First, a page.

Suspect in 1989 slaying arrested in Jamaica HOWARD COUNTY

July 29, 1993|By Staff Report

The search for a Baltimore man wanted in a 1989 Howard murder ended yesterday in Jamaica.

Police there arrested Kent Daniel Tillman around 2 p.m., said Andy Manning, spokesman for the Maryland Joint Violent Crimes Fugitive Task Force.

Mr. Tillman, 29, used to live on the 900 block of N. Belnord Ave., and was wanted for an apparent drug-related shooting of a couple in Columbia nearly four years ago.

Mr. Manning said the arrest came as a result of information from the Howard police, but had few other details. He said he did not know how Mr. Tillman was captured, nor when he would return to face charges.

"We won't know anything until our contacts in Miami talk with Jamaican authorities," he said.

Howard County Police Chief James Robey could not be reached for comment last night.

An arrest warrant was issued for Mr. Tillman in August 1989, after a Baltimore man with ties to a drug ring was gunned down in Owen Brown village about 12:30 a.m. Aug. 12.

The victim, Sherman J. Chenault, 26, was pulling into a parking space with his companion, Sharrell Y. Hudson of Essex, when the shots were fired, police said.

Mr. Chenault was struck several times in the head and died at the scene. Ms. Hudson was shot in the face, but survived and identified Mr. Tillman. At the time of his death, Mr. Chenault was a state parolee with a history of drug arrests. His younger brother, Stephen, had been indicted the year before in a major drug conspiracy with Maurice D. "Peanut" King, a convicted Baltimore drug kingpin.

Prior to the shooting, Mr. Tillman had at least one prior narcotics conviction, as well as an arrest on charges of assault with intent to murder, police said.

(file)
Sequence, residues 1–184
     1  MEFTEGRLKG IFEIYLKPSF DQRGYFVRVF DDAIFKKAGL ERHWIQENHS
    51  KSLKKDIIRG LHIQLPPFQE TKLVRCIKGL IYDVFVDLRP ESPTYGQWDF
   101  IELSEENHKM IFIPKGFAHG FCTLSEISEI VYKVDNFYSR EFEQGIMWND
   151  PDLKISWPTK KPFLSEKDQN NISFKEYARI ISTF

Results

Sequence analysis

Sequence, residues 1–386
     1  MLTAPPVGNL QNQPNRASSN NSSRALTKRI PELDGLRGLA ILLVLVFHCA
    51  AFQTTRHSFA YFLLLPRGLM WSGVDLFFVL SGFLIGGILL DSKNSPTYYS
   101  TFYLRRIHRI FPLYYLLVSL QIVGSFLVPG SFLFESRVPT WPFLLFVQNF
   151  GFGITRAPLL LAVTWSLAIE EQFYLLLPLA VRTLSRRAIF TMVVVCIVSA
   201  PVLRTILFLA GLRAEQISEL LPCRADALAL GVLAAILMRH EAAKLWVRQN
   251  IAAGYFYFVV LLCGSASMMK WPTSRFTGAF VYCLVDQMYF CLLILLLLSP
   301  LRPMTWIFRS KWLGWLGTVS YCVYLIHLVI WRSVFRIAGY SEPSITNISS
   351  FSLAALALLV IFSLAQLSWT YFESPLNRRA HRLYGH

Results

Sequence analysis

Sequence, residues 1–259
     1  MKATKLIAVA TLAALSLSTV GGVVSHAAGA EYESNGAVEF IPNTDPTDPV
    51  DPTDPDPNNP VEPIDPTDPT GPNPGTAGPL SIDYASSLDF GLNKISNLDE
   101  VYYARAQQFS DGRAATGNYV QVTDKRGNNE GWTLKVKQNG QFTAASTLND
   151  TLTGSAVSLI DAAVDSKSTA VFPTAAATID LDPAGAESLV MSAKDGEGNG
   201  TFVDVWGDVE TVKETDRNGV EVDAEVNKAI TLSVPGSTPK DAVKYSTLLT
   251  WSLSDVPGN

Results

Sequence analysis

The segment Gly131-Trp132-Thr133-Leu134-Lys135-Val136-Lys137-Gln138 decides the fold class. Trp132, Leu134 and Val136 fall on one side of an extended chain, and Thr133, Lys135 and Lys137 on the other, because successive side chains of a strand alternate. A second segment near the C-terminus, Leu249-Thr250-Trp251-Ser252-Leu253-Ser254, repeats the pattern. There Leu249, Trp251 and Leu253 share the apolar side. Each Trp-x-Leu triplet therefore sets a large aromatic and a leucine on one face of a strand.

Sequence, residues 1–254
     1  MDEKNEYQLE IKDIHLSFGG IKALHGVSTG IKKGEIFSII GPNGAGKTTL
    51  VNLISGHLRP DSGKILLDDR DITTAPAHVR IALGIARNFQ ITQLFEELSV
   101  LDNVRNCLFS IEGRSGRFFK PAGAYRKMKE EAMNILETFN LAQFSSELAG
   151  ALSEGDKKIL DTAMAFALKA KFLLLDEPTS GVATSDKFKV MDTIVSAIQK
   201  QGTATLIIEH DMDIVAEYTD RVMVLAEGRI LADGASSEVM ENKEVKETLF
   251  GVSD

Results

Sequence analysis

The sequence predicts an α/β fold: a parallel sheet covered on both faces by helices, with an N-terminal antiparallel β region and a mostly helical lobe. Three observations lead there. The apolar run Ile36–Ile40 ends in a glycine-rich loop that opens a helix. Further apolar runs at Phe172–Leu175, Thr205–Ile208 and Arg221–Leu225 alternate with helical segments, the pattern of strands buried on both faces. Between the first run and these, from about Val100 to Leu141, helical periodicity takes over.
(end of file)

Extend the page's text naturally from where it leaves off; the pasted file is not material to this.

Mr. Tillman is one of about 300 fugitives arrested since the task force formed last September, Mr. Manning said. The task force includes Baltimore city and county police as well as the Maryland State Police and FBI.

The FBI was involved because Mr. Tillman was charged in a Sept. 11, 1989 federal warrant with unlawful flight to avoid prosecution.

Mr. Manning says yesterday's arrest sends a message to other fugitives: "You're just never safe."

Mr. Tillman's older brother, Milton, was sentenced to 27 months in prison this year for trying to bribe a member of the Baltimore zoning board to keep his nightclub, Odell's, open.

Odell's was closed in August 1992 when the zoning board turned down a request for the club to remain open as a dance hall. The decision ended a long legal battle with the city over zoning violations.

Odell's drew complaints from neighbors about several shootings that occurred near the North Avenue club and noisy crowds of young people lingering outside.

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